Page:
“Image conscious much, Miss Scarlet?” She takes the part of looking like the belle of the south seriously. Even when she has no money to dress herself properly, she enlists her servant to make her a gown out of the drapery so she won’t appear poor.

Her deceitfulness and charm do get Scarlet pretty far, but she is no match for Rhett Butler (who might also be considered a type 3). He sees right through her games, and falls in love with who she really is underneath.

It is hard for the type 3 to let go of the mask and stop performing. They believe to earn love, they must put on a show. They are only as good as their acheivements in their minds.

Scarlet does achieve! When she is left destitute on her plantation with no one, she makes sure there is food to eat, and begins to plan for the future, as threes can’t help but look forward. She has the, “failure is not an option” attitude of the type 3, and intends on winning in every aspect of her life.

Gilderoy Lockhart (from Harry Potter and the Chamber of Secrets)

The enneagram and fictional characters

Gilderoy Lockhart moves his career ahead through literally stealing the successful stories of brave wizards, performing a forgetting charm on them, and claiming their success as his own. Only a type three could smear the paths of right and wrong without a backward glance. Not only does he move ahead in life on this horrible deceit, but her wants to look good while doing it.

He is constantly concerned with his appearance and making sure he gets in front of the camera whenever one is nearby. He also has photos of himself up on the walls literally everywhere. This shows his type 3 image consciousness, and selfishness.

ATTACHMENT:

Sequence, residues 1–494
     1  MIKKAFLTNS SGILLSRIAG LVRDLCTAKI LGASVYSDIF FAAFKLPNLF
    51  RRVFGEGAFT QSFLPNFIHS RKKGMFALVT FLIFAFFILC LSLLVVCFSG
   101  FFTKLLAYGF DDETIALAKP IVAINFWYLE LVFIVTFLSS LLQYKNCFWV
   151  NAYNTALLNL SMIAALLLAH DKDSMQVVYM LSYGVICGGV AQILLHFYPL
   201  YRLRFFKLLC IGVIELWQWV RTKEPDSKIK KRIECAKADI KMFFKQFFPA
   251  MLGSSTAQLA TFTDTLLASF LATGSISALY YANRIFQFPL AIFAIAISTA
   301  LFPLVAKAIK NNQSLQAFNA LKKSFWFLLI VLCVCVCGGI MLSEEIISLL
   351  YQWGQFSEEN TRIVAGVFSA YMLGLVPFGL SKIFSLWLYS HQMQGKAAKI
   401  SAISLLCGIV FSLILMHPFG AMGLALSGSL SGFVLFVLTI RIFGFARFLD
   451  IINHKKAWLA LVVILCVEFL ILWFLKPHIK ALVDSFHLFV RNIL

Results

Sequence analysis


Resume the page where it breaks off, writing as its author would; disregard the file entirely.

Type 3 loves admiration and flattery. We see Lockhart enjoying long lines of people waiting for his autograph in his latest book, and signing piles of fan mail with his portrait. He truly loves the attention and adoration drawn by his super fans.

Mr. Wickham

The enneagram type 3 and fictional characters

Another great example of a type 3 in literature (or film), is Mr. Wickham from Pride and Prejudice. He is the dashing soldier, charming and attractive who easily steals the hearts of many. With a simple look he can change the emotions in the room. He is social and popular, easy to like on the surface.

When we are first introduced to Mr. Wickham, we believe him to be noble and worthy of Elizabeth Bennet, our heroine. But we soon learn that his stories were full of falsehoods, in attempt to make himself look good.

When his lies fail to work on Elizabeth, he using his charm to attach himself to her younger sister, creating a new mess for everyone involved. He fears failure and not living up to the standards that society and birth have set for him.

The tragedy here is that he hasn’t learned his own value and insists on masquerading through life as who he thinks others wish him to be. He is self-promoting, and pretentious, letting his higher qualities go to waste.

Rachel Green

In exploring the enneagram type 3 and fictional characters we find another example in Rachel Green from “Friends.”

The enneagram type 3 and fictional characters

If you have seen the T.V. show friends, it is easy to see that Rachel’s character displays many of the type 3 behaviors, qualities and motivations. She is well-liked, has been popular in every phase of her life, and uses her good looks and charm to get what she wants.

The series begins with her making her first move of growth when she leaves her own wedding to a man she doesn’t want to marry. She is leaving behind a life of wealth and “easy living,” for a life of struggle, but one she will make her own. This is the beginning of her awareness and growth arch as a character.

Seeing success as living the life she wants instead of living a life full of money and things, is a big turning point for Rachel. The rest of the series follows her trying a failing, and trying again in relationships, careers, and other obstacles.

One of the great things about type 3: they don’t give up.

I hope you enjoyed this take on a few popular characters, helping us to understand the type 3 a little better.

Are you a type 3? Do you know a type 3? Maybe you thought of a different fictional character who is a type 3… feel free to comment about it!